Pakistan Must Collab With China To Develop Its Human Resources
Tech experts in Pakistan believe that China, which is making great strides in high-end industries will be Pakistan’s IT development model for the foreseeable future.
Naveed Iftikhar, co-founder of Automcamp, said that China had made impressive strides in both human resource training and research and development (R&D). He emphasized that Pakistan must work more closely with China to develop its human resources and conduct more R&D.
China has a rich history of development of human resources and has made significant investments in education and training programs, which can serve as a model for Pakistan.
Tech experts in Pakistan believe that China, which is making great strides in high-end industries like artificial intelligence (AI), nanotechnology, quantum computing, and others, will be Pakistan’s IT development model for the foreseeable future.
According to renowned IT expert and creator of a 5G Internet observatory, Hussain Nadim, Pakistan places a heavy emphasis on physical development projects like infrastructure and dams. In contrast, he noted, “China dominates in R&D as it is a leader in AI, nanotechnology, quantum computing, and other industries.”
Hussain Nadim said, “Even with 1% of Chinese tech cooperation, we could do wonders in improving our technical capabilities. According to him, Pakistan must “de-securitize” the technology sector and put more of an emphasis on the business, commercial, and training aspects.
The future of Pakistan and the China-Pakistan Economic Corridor require technical and information technology corridors, he continued.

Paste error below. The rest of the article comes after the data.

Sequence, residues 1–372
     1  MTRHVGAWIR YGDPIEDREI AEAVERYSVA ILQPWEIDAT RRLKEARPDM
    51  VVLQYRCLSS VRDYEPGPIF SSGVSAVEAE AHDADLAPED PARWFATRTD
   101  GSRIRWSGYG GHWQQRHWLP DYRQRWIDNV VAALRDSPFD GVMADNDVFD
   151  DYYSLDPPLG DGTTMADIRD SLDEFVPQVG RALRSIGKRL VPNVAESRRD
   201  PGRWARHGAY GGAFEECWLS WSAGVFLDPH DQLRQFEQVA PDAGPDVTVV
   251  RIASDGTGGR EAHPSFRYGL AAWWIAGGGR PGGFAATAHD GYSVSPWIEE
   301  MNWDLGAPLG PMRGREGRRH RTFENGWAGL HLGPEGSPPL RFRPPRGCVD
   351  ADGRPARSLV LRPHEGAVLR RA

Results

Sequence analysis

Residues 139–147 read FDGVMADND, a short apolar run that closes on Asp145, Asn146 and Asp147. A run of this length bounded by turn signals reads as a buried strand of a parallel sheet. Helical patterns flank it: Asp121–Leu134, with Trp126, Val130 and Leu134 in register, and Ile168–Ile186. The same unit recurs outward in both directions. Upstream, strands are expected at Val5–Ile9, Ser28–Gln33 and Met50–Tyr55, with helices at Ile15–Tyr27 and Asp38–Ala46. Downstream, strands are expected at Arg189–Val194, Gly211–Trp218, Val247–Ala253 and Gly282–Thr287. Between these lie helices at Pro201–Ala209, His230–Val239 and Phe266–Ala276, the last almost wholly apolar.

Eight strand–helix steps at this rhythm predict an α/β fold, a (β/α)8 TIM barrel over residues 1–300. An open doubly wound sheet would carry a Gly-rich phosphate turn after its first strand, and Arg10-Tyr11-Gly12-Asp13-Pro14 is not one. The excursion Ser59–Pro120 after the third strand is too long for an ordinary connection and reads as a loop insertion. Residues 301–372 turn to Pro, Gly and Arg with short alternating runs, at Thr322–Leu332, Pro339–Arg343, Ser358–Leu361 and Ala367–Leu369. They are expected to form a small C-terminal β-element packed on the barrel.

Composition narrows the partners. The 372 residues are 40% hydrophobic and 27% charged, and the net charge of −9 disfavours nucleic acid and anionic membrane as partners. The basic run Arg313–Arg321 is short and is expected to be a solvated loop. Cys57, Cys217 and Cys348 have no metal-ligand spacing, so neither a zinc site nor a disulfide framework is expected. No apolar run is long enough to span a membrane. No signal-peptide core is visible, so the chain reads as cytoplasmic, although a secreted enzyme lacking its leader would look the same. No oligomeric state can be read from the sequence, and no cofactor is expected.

According to interview with Special Technology Zone Authority (STZA) Director of Planning and Regulatory Affairs Hamza Saeed Orakzai “Around two months ago, we opened the first China Pakistan Science and Technology Centre in Beijing. “We recently held a webinar in which about 5,000 delegations and technology companies from China took part.”
In order to properly align Pakistan with the two largest economies in the world, China and the US, he claimed that the country’s sizeable youth population should be forced to learn Chinese while also being required to speak English.
He claimed that STZA was saving Chinese businesses the hassle of visiting ten different government agencies in order to obtain licensure quickly so they could start operations in Pakistan.
These businesses can simply visit STZA, register digitally, and begin operating immediately, saving them the roughly six months it takes for a business to get past numerous regulatory hurdles and open for business. With the aid of STZA, more Chinese tech companies should soon enter the Pakistani tech market, according to Hamza Saeed.